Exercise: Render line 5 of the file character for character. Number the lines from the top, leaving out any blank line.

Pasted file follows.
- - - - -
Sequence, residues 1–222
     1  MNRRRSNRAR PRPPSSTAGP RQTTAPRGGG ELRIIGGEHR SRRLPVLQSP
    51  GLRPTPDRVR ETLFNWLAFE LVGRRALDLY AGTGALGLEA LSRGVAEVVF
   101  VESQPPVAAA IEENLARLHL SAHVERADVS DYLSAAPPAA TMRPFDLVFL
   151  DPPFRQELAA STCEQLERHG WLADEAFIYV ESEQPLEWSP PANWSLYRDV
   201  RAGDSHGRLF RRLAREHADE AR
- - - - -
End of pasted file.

   151  DPPFRQELAA STCEQLERHG WLADEAFIYV ESEQPLEWSP PANWSLYRDV